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  1. 2015 NBA Finals: Warriors Win After Forty Years

    After four decades of infamy and futility and three ownership changes, the Golden State Warriors finally sit atop the National Basketball Association landscape.

    The high-energy Warriors whipped the short-handed and fatigued Cleveland Cavaliers, 105-97, yesterday in Game Six of the 2015 NBA Finals for a 4-2 series victory and their first NBA championship since Rick Barry led Golden State to the Promised Land with a 4-0 sweep of the Washington Bullets in the 1975 Finals.

    It was Golden State’s third victory in a row in the Finals after falling behind, 2-1, in the best-of-seven series.

    For all the Warriors players on their playoff roster, it was also their first NBA title ring ever. Curry’s ring was much sweeter since it came against four other members of this year’s All-NBA First Team – Anthony Davis (New Orleans), Marc Gasol (Memphis), James Harden (Houston) and LeBron James (Cleveland).

    Golden State’s Steve Kerr also became the first NBA rookie coach to win the NBA crown since Pat Riley accomplished the feat with the Los Angeles Lakers in 1982.

    Golden State, probably the first jump-shooting team to snare the NBA title, produced a barrage of three-pointers from league Most Valuable Player Stephen Curry, multi-dimensional Andre Iguodala and Curry’s Splash Brother Klay Thompson in the fourth quarter to take the fight out of a Cleveland team that probably even overachieved with its injury-depleted playoff cast that had been without two of its Big Three – Kevin Love after the first round (vs. Boston) and guard Kyrie Irving in the last five games of the NBA finals – and played with a short seven- or eight-man rotation utilized by rookie Cavs mentor David Blatt in the championship series despite the availability of championship veterans like Kendrick Perkins, Shawn Marion and Mike Miller that Blatt nonetheless opted to keep on the bench.

    In the series-clinching Game Six, Curry chalked up 25 points, eight assists, six rebounds and three steals for the Warriors, who also were NBA titlists in 1947 and 1956 when it was located in Philadelphia.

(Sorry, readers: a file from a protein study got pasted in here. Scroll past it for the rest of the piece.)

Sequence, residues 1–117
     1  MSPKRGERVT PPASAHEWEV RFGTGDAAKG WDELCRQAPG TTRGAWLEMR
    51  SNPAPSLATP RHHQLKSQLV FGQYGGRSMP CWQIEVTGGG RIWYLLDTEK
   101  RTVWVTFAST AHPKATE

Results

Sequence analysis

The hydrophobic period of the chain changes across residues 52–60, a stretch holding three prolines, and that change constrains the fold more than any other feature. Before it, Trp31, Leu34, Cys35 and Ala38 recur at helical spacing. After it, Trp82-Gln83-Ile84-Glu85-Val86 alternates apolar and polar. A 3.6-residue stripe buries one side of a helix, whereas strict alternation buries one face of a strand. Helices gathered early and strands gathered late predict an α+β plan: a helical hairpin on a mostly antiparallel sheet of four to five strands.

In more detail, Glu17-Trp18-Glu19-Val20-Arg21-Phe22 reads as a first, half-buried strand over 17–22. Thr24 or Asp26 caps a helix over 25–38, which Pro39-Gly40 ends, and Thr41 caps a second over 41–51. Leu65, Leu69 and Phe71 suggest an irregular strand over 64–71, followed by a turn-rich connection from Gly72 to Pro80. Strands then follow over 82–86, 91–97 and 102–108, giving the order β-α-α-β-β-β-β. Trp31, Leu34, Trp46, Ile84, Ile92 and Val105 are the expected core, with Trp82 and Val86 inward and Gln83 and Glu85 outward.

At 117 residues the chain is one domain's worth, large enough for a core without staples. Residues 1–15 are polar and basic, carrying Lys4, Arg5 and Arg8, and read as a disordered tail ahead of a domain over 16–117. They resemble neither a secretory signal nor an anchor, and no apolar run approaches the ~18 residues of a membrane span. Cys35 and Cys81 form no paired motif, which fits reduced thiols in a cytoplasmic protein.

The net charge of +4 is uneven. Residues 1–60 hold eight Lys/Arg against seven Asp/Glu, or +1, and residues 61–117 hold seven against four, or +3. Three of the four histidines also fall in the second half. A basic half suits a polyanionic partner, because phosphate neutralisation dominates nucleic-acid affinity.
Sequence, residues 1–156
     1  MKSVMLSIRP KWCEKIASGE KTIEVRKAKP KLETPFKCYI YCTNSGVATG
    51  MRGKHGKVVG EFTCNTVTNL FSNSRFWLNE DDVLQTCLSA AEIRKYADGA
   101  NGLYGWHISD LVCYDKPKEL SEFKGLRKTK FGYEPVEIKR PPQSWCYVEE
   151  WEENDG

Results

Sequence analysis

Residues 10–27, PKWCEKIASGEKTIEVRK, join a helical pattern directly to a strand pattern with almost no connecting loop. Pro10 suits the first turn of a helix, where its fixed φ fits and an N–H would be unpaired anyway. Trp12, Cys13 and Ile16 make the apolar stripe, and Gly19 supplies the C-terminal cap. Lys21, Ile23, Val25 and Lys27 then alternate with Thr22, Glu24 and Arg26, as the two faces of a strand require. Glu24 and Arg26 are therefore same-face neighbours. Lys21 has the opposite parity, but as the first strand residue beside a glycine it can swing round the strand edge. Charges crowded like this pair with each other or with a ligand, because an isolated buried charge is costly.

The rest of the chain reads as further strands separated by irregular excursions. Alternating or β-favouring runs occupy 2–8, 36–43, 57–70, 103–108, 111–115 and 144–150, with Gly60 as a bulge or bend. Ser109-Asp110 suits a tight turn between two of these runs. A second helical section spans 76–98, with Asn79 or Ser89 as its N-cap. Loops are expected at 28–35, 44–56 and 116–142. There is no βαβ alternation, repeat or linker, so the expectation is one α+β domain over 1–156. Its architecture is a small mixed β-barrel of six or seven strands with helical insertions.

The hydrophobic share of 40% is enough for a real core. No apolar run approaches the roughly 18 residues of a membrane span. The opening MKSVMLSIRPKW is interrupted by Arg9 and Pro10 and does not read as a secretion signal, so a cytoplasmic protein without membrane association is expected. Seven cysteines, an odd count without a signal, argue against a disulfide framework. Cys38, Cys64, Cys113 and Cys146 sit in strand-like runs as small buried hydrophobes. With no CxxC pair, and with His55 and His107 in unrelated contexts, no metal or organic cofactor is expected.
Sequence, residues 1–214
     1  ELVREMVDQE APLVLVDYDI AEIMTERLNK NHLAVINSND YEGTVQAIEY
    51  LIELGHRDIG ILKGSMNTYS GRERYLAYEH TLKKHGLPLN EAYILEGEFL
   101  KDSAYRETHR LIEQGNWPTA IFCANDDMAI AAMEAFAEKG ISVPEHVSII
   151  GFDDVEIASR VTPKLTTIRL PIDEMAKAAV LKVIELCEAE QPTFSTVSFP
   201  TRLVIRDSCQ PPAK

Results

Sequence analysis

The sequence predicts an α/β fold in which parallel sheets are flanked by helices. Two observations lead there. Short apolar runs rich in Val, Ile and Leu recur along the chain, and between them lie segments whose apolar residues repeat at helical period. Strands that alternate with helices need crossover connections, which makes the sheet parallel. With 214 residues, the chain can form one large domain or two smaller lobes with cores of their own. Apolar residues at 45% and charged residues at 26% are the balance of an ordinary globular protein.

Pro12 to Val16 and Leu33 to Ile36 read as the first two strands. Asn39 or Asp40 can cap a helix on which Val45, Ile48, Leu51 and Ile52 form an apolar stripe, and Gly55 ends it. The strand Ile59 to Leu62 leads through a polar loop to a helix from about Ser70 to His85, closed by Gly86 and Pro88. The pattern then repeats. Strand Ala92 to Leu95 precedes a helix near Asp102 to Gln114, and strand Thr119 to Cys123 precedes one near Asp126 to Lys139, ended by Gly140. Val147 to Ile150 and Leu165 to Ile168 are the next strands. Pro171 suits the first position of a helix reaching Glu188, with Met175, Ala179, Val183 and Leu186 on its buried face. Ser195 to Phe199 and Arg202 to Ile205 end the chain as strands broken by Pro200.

Iguodala also tallied 25 points and had five rebounds and five assists and became the first non-starter to earn Finals Most MVP honors since the award was introduced in 1969. The 6-6 swingman, who was relegated to a reserve role nearly all season in favor of the young Harrison Barnes, got the starter’s nod only in the final three games of the Finals – all victories – as Kerr also switched 6-7 Draymond Green to center and benched 7-foot Australian center Andrew Bogut in the last two games to implement his “small ball” game plan starting Game Four.
    Iguodala got the nod of the media panel that voted for the MVP for he performed consistently on both ends of the floor in the entire six-game series. Aside from giving James fits on defense, he averaged 16.3 points, 5.8 rebounds and 4.8 assists per game.

    Perhaps the media voters also wanted to avoid controversy or polarization on the issue whether a dominant player from a losing team such as James or an outstanding player from a winning team like Curry deserved the honor.

    In the series closeout, Nigerian center Festus Ezeli came off the pines to punch in eight of his 10 points in the pace-changing third quarter that broke the game in favor of the Warriors. Another Golden State sub Shaun Livingston also scored 10 markers.

    For the Cavs, who have yet to win their first NBA crown since joining the league in 1970-71, a visibly fatigued LeBron James logged 32 points, 18 rebounds and nine assists in 47 minutes. Inconsistent guard J.R. Smith came off the bench to tally 19 points but most of them came in the fourth period when Cleveland had to climb out of a big hole that the Wine City subsequently was unable to overcome. Russian center Timofey Mozgov came up with 17 points and 12 boards and power forward Tristan Thompson also posted his third straight double-double with 15 points and 13 reebies.

    Cleveland outrebounded Golden State, 56-39, but for a third straight contest, the Warriors had more assists, 28-14. The Dubs also had more steals, 11-3, and committed fewer turnovers, 16-9.

    Fatigue finally took its toll on James in Game Six and generally appeared disinterested and lethargic as his supporting cast, with the exception of power forward Tristan Thompson and Russian center Timofey Mozgov, were unable to provide adequate help.

    Golden State got off to a strong start, taking the first quarter, 28-15, with some crisp passing and impeccable field shooting. The Warriors shot 11-for-22 from the field, including 4-for-9 from three-point range, coming up with the extra pass that resulted in assist for each made basket.
    However, Cleveland, which again employed a slowball offensive scheme, came within two points, ...
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  2. 2015 NBA Finals: Dubs One W Away From 1st Title in 4 Decades

    One more victory is all it takes for the Golden State Warriors to end four decades of infamy and futility in the National Basketball Association and hoist the Larry O’Brien championship trophy.

    With a 104-91 decision over the Cleveland Cavaliers in yesterday’s Game Five at the Oracle Arena in Oakland, California that gave them a 3-2 lead, the Warriors go for the jugular on Wednesday, June 17 (Manila time, 9:00 p.m.), in Game Six of the best-of-seven NBA Finals at the Quicken Loans Arena.